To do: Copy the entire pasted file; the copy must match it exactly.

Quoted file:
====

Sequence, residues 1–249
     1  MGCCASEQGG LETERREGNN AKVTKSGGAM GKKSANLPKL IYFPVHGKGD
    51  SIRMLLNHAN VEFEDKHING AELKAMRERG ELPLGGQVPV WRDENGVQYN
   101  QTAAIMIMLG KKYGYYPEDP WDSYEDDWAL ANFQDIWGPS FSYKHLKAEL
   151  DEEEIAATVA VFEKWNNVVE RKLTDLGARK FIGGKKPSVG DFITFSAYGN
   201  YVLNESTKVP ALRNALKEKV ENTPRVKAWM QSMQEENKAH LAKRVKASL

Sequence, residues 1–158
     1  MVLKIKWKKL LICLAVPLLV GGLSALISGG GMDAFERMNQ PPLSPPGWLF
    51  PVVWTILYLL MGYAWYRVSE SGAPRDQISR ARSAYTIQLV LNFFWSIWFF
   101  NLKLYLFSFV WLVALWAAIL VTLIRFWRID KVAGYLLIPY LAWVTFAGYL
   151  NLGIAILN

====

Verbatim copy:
Sequence, residues 1–249
     1  MGCCASEQGG LETERREGNN AKVTKSGGAM GKKSANLPKL IYFPVHGKGD
    51  SIRMLLNHAN VEFEDKHING AELKAMRERG ELPLGGQVPV WRDENGVQYN
   101  QTAAIMIMLG KKYGYYPEDP WDSYEDDWAL ANFQDIWGPS FSYKHLKAEL
   151  DEEEIAATVA VFEKWNNVVE RKLTDLGARK FIGGKKPSVG DFITFSAYGN
   201  YVLNESTKVP ALRNALKEKV ENTPRVKAWM QSMQEENKAH LAKRVKASL

Sequence, residues 1–158
     1  MVLKIKWKKL LICLAVPLLV GGLSALISGG GMDAFERMNQ PPLSPPGWLF
    51  PVVWTILYLL MGYAWYRVSE SGAPRDQISR ARSAYTIQLV LNFFWSIWFF
   101  NLKLYLFSFV WLVALWAAIL VTLIRFWRID KVAGYLLIPY LAWVTFAGYL
   151  NLGIAILN